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High schools cut football teams

America%E2%80%99s+most+popular+game+might+actually+turn+out+to+be+the+most+dangerous+game.+Over+the+decades%2C+football+is+one+of+the+most+competitive+sports+that+require%2C+hard+work+and+dedication+like+any+other+sport%2C+but+are+the+hard+blows+and+constant+injuries+too+much%3F+Photo+courtesy+of+huffingtonpost.com.+
America’s most popular game might actually turn out to be the most dangerous game. Over the decades, football is one of the most competitive sports that require, hard work and dedication like any other sport, but are the hard blows and constant injuries too much? Photo courtesy of huffingtonpost.com.

America’s most popular game might actually turn out to be the most dangerous game. Over the decades, football is one of the most competitive sports that require, hard work and dedication like any other sport, but are the hard blows and constant injuries too much? Photo courtesy of huffingtonpost.com.

Getty Images

Getty Images

America’s most popular game might actually turn out to be the most dangerous game. Over the decades, football is one of the most competitive sports that require, hard work and dedication like any other sport, but are the hard blows and constant injuries too much? Photo courtesy of huffingtonpost.com.

Mykiyah Jackson, Entertainment Editor

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America’s most popular game might actually turn out to be the most dangerous game. Over the decades, Football is one of the most competitive sports that require, hard work and dedication like any other sport, but are the hard blows and constant injuries too much? On average, a high school student may take 200 out of 1,800 blows in each season. “Clinicians would say that if you don’t have any concussion symptoms, you have no problems. However, we are finding that there is actually a lot of change, even when you don’t have symptoms,” said Larry Leverenz, clinical professor in the Department of Health and Kinesiology director of Athletic Training Education. As stated by PBS, 101 of 128 professional and semi-professional (high school and college football players) tested positive for chronic traumatic encephalopathy (CTE) after their deaths. When asked if football programs were cut at Joliet West, sophomore Vyanet Arias said, “It would bring down the school spirit, because people look forward to attending the football games to watch their team play, to spread positivity, and it also brings the Joliet West community together.” Agreeing with that statement JV football player Jonathan Pullen also said, “I would be highly upset because, football has been a sport I’ve loved and have been accustomed to my entire life, Id fight for it.” With countless amount of concussions, and severe injuries, that often result in death, some schools in the U.S. have decided to pull the plug for school football programs and replace America’s favorite sport.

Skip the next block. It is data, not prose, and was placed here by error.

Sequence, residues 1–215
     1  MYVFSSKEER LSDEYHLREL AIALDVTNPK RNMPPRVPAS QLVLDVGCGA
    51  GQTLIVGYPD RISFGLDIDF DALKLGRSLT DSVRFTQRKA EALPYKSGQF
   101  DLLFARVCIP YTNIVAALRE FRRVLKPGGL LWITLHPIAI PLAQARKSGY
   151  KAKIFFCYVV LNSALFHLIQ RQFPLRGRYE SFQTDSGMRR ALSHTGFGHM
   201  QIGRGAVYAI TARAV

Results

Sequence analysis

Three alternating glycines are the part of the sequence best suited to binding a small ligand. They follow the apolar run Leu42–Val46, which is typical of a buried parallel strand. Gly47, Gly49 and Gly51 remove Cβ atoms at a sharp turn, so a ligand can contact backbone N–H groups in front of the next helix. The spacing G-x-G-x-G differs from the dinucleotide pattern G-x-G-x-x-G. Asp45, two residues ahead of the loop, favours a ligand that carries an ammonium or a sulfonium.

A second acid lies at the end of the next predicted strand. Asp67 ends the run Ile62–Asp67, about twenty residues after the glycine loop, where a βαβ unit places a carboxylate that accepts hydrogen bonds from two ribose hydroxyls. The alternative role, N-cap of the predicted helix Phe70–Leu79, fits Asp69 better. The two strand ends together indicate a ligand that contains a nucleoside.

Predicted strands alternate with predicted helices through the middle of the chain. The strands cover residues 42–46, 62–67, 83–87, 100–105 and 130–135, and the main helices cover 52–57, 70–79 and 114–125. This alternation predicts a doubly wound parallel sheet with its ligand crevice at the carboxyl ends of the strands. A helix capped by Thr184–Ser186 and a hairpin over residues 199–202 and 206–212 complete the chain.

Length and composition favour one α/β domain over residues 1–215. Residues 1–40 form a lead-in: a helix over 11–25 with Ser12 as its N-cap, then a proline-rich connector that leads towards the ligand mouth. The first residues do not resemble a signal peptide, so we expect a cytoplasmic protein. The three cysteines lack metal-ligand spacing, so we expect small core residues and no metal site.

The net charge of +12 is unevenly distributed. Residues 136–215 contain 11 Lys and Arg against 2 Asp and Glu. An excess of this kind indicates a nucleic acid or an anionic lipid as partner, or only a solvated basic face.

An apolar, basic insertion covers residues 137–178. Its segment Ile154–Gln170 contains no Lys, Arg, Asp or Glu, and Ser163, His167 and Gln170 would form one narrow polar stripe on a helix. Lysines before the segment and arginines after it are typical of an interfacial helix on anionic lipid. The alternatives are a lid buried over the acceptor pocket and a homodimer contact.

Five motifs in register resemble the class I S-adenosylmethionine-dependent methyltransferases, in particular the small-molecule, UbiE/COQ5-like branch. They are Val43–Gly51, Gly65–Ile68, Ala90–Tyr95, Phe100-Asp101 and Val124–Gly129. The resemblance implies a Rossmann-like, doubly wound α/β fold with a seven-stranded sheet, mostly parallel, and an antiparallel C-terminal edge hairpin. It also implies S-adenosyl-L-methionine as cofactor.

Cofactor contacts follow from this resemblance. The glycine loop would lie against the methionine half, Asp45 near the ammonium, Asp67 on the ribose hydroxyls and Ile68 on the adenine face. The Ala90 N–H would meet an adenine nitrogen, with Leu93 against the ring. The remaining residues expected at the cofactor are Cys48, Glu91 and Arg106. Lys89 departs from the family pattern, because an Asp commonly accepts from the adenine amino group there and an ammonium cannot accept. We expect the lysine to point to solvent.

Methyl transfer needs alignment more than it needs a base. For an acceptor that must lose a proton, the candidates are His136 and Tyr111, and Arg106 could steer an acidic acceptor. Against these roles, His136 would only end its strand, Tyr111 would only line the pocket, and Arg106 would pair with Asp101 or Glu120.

According to RT Question More an online news source, there were three reported deaths in the month of September 2015 alone, including quarterback Evan Murray from Warren Hills Regional High School in New Jersey, Tyrell Cameron a sophomore who went to Franklin Parrish High School in Louisiana, and the 16-year- old linebacker Ben Hamm, from Wesleyan Christian High School in Oklahoma.

In this season, three U.S. schools have made the decision to cut their football programs, starting with Camden Hills Regional High School, who sacked their football team after four players were injured in one of their last games on September 24. “This was a difficult decision because so many people, especially the Five Town Football community, worked extremely hard to bring football to our school,” Camden Hills High School Principal continued. “Unfortunately, dwindling numbers of players have created a serious safety issue, and we are simply not willing to put any more students at risk.” Maplewood Richmond High School, located in New Jersey also scrapped their team to replace the football program and glorify soccer in their 2015 Homecoming game, according to The New York Times. “I was very concerned about the number of injuries I saw our student athletes were suffering,” said Nelson Mitten, Maplewood Richmond High School’s president. “I didn’t think there was any need for them to be doing that if that’s what was going to be the result.”

In order to maintain Joliet West’s football program, activity and athletic director Steven Millsaps has taken careful precautions in order to keep our football athletes safe on the football field. “We follow IHSA and NFHS safety guidelines, policies, and procedures in all of our athletic programs. All JWHS coaches are CPR/AED certified.” That being said, Joliet West has always been concerned about the safeness of our football players while on the field. But, if these matters persist in the U.S., the Joliet community may wonder what will be in store for Joliet Township’s football program in the future?

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The online newspaper of Joliet West High School
High schools cut football teams